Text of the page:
Additional Contributions: The Bogalusa Heart Study is a joint effort of many investigators and staff members whose contributions are gratefully acknowledged. We especially thank the study participants.

Cowie  CCRust  KFByrd-Holt  DD  et al.  Prevalence of diabetes and impaired fasting glucose in adults in the US population: National Health And Nutrition Examination Survey 1999-2002. Diabetes Care 2006;29 (6) 1263- 1268
PubMed
Hoyert  DLHeron  MPMurphy  SLKung  H National Vital Statistics Reports: Deaths: Final Data for 2003. Vol 54. (No. 13.) Hyattsville, MD National Center for Health Statistics2006;
Coutinho  MGerstein  HCWang  YYusuf  S The relationship between glucose and incident cardiovascular events: a metaregression analysis of published data from 20 studies of 95,783 individuals followed for 12.4 years. Diabetes Care 1999;22 (2) 233- 240
PubMed
Tanne  DKoren-Morag  NGoldbourt  U Fasting plasma glucose and risk of incident ischemic stroke or transient ischemic attacks: a prospective cohort study [published online ahead of print August 12, 2004]. Stroke 2004;35 (10) 2351- 2355
PubMed
Selvin  ECoresh  JGolden  SHBrancati  FLFolsom  ARSteffes  MW Glycemic control and coronary heart disease risk in persons with and without diabetes: the atherosclerosis risk in communities study. Arch Intern Med 2005;165 (16) 1910- 1916
PubMed
Genuth  SAlberti  KGBennett  P  et al. Expert Committee on the Diagnosis and Classification of Diabetes Mellitus, Follow-up report on the diagnosis of diabetes mellitus. Diabetes Care 2003;26 (11) 3160- 3167
PubMed
American Diabetes Association, Diagnosis and classification of diabetes mellitus. Diabetes Care 2008;31 ((suppl 1)) S55- S60
PubMed
Tirosh  AShai  ITekes-Manova  D  et al. Israeli Diabetes Research Group, Normal fasting plasma glucose levels and type 2 diabetes in young men. N Engl J Med 2005;353 (14) 1454- 1462
PubMed
Park  YWChang  YSung  KCRyu  SSung  EKim  WS The sequential changes in the fasting plasma glucose levels within normoglycemic range predict type 2 diabetes in healthy, young men [published online ahead of print April 4, 2006]. Diabetes Res Clin Pract 2006;73 (3) 329- 335
PubMed
Nichols  GAHillier  TABrown  JB Normal fasting plasma glucose and risk of type 2 diabetes diagnosis. Am J Med 2008;121 (6) 519- 524
PubMed
Schriger  DLLorber  B Lowering the cut point for impaired fasting glucose: where is the evidence? where is the logic? Diabetes Care 2004;27 (2) 592- 601
PubMed
Vaccaro  ORiccardi  G Changing the definition of impaired fasting glucose: impact on the classification of individuals and risk definition. Diabetes Care 2005;28 (7) 1786- 1788
PubMed
Ko  GTWai  HPTang  JS Effects of age on plasma glucose levels in non-diabetic Hong Kong Chinese. Croat Med J 2006;47 (5) 709- 713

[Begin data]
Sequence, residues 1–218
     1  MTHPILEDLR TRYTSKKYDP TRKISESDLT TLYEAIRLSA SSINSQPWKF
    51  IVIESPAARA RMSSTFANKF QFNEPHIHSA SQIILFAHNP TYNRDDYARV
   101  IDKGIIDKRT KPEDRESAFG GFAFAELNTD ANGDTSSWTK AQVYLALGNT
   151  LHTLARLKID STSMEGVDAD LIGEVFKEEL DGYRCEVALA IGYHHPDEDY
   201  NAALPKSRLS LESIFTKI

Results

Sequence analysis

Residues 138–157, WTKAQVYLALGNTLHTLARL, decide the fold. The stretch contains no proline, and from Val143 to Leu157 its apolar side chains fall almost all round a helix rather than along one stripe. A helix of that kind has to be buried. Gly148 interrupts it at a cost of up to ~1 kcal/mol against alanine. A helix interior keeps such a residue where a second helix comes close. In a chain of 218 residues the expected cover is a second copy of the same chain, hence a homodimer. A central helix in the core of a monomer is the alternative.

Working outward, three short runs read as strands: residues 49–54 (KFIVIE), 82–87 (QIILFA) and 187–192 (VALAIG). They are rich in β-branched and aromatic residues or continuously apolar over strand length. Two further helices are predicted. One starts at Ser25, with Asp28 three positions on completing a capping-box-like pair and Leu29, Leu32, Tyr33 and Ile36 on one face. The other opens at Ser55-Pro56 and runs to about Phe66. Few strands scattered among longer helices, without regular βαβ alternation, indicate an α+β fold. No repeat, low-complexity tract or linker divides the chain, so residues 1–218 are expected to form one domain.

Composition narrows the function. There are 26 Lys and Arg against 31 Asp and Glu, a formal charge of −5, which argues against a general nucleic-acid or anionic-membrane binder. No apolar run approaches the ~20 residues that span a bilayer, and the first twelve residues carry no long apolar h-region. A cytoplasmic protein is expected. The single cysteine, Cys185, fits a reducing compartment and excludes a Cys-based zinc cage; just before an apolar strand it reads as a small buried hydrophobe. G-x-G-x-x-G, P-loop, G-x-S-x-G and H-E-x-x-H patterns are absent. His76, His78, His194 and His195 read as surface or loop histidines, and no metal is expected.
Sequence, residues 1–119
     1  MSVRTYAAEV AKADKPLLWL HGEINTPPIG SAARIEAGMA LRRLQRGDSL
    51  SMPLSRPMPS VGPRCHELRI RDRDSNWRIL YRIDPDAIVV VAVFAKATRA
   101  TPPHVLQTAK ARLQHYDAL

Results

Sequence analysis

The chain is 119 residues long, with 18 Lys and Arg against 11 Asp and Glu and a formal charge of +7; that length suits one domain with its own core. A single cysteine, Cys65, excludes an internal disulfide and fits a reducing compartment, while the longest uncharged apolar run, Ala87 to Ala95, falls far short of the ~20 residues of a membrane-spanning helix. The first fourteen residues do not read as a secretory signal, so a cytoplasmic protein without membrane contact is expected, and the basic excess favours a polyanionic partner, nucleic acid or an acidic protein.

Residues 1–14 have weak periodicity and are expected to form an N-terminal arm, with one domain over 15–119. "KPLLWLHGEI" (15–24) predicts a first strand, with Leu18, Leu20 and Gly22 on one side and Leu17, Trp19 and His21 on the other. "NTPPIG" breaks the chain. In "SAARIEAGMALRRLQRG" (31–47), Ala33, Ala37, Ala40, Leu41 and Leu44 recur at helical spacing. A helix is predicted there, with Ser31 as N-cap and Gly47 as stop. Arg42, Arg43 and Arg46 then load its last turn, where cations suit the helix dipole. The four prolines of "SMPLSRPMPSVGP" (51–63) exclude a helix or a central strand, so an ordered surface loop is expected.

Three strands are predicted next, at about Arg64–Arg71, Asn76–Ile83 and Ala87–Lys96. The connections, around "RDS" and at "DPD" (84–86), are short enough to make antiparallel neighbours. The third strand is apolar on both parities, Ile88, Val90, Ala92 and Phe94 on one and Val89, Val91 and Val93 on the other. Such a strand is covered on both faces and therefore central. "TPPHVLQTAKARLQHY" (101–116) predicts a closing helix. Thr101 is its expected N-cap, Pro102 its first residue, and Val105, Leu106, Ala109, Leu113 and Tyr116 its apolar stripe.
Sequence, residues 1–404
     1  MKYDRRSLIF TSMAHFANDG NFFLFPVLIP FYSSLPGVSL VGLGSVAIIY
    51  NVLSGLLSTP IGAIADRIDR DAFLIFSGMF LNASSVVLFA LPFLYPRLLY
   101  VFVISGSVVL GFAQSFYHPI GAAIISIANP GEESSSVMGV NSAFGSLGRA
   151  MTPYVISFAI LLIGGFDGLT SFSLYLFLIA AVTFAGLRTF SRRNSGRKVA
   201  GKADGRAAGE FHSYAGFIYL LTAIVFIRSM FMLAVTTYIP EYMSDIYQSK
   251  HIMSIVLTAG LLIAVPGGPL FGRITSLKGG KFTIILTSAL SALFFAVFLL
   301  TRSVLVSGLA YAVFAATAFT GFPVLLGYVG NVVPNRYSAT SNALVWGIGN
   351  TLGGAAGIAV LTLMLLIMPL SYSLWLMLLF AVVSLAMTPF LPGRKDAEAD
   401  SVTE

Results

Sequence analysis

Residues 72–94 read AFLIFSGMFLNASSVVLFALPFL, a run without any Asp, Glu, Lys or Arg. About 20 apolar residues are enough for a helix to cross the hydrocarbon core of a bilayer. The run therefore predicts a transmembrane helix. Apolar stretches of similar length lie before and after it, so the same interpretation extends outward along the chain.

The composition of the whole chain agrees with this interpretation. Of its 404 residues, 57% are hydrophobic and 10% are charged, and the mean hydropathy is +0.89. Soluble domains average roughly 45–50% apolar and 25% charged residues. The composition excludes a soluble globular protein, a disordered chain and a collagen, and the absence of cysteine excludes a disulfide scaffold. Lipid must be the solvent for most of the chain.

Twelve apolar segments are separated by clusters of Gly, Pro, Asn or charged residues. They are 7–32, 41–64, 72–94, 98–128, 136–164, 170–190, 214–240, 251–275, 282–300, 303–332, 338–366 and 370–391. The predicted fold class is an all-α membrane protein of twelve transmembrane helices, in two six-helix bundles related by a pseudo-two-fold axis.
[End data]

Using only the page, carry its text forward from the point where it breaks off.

PubMed
Davidson  MB The effect of aging on carbohydrate metabolism: a review of the English literature and a practical approach to the diagnosis of diabetes mellitus in the elderly. Metabolism 1979;28 (6) 688- 705
PubMed
Pani  LNKorenda  LMeigs  JB  et al.  Effect of aging on A1C levels in individuals without diabetes: evidence from the Framingham Offspring Study and the National Health and Nutrition Examination Survey 2001-2004 [published online ahead of print July 15, 2008]. Diabetes Care 2008;31 (10) 1991- 1996
PubMed
Pickoff  ASBerenson  GSSchlant  RC Introduction to the symposium celebrating the Bogalusa Heart Study. Am J Med Sci 1995;310 ((suppl 1)) S1- S2
PubMed
Berenson  GS McMahan  CAVoors  AW  et al. Cardiovascular Risk Factors in Children: the Early Natural History of Atherosclerosis and Essential Hypertension. New York, NY Oxford University Press1980;
Srinivasan  SRBerenson  GS Serum lipoproteins in children and methods for study. Lewis  LAHandbook of Electrophoresis. Boca Raton, FL CRC Press1983;185- 204
Matthews  DRHosker  JPRudenski  ASNaylor  BATreacher  DFTurner  RC Homeostasis model assessment: insulin resistance and cell function from fasting plasma glucose and insulin concentrations in man. Diabetologia 1985;28 (7) 412- 419
PubMed
Howard  GBergman  RWagenknecht  LE  et al. Insulin Resistance Atherosclerosis Study (IRAS) Investigators, Ability of alternative indices of insulin sensitivity to predict cardiovascular risk: comparison with the “minimal model.” Ann Epidemiol 1998;8 (6) 358- 369
PubMed
Gallardo  TVAvila  AAUnuane  MNCodner  E Fasting glucose versus oral glucose tolerance test for detection of glucose intolerance in obese children [published online ahead of print December 12, 2006]. Rev Med Chil 2006;134 (9) 1146- 1152
PubMed
Nguyen  QMSrinivasan  SRXu  JHChen  WBerenson  GS Changes in risk variables of metabolic syndrome since childhood in pre-diabetic and type 2 diabetic subjects: the Bogalusa Heart Study [published online ahead July 15, 2008]. Diabetes Care 2008;31 (10) 2044- 2049
PubMed
DECODE Study Group; the European Diabetes Epidemiology Group, Glucose tolerance and cardiovascular mortality: comparison of fasting and 2-hour diagnostic criteria. Arch Intern Med 2001;161 (3) 397- 405
PubMed
Peterson  KSilverstein  JKaufman  FWarren-Boulton  E Management of type 2 diabetes in youth: an update. Am Fam Physician 2007;76 (5) 658- 664
PubMed
Shaw  JEZimmet  PZHodge  AM  et al.  Impaired fasting glucose: how low should it go? Diabetes Care 2000;23 (1) 34- 39
PubMed
Wilson  PWMeigs  JBSullivan  LFox  CSNathan  DMD'Agostino  RB  Sr Prediction of incident diabetes mellitus in middle-aged adults: the Framingham Offspring Study. Arch Intern Med 2007;167 (10) 1068- 1074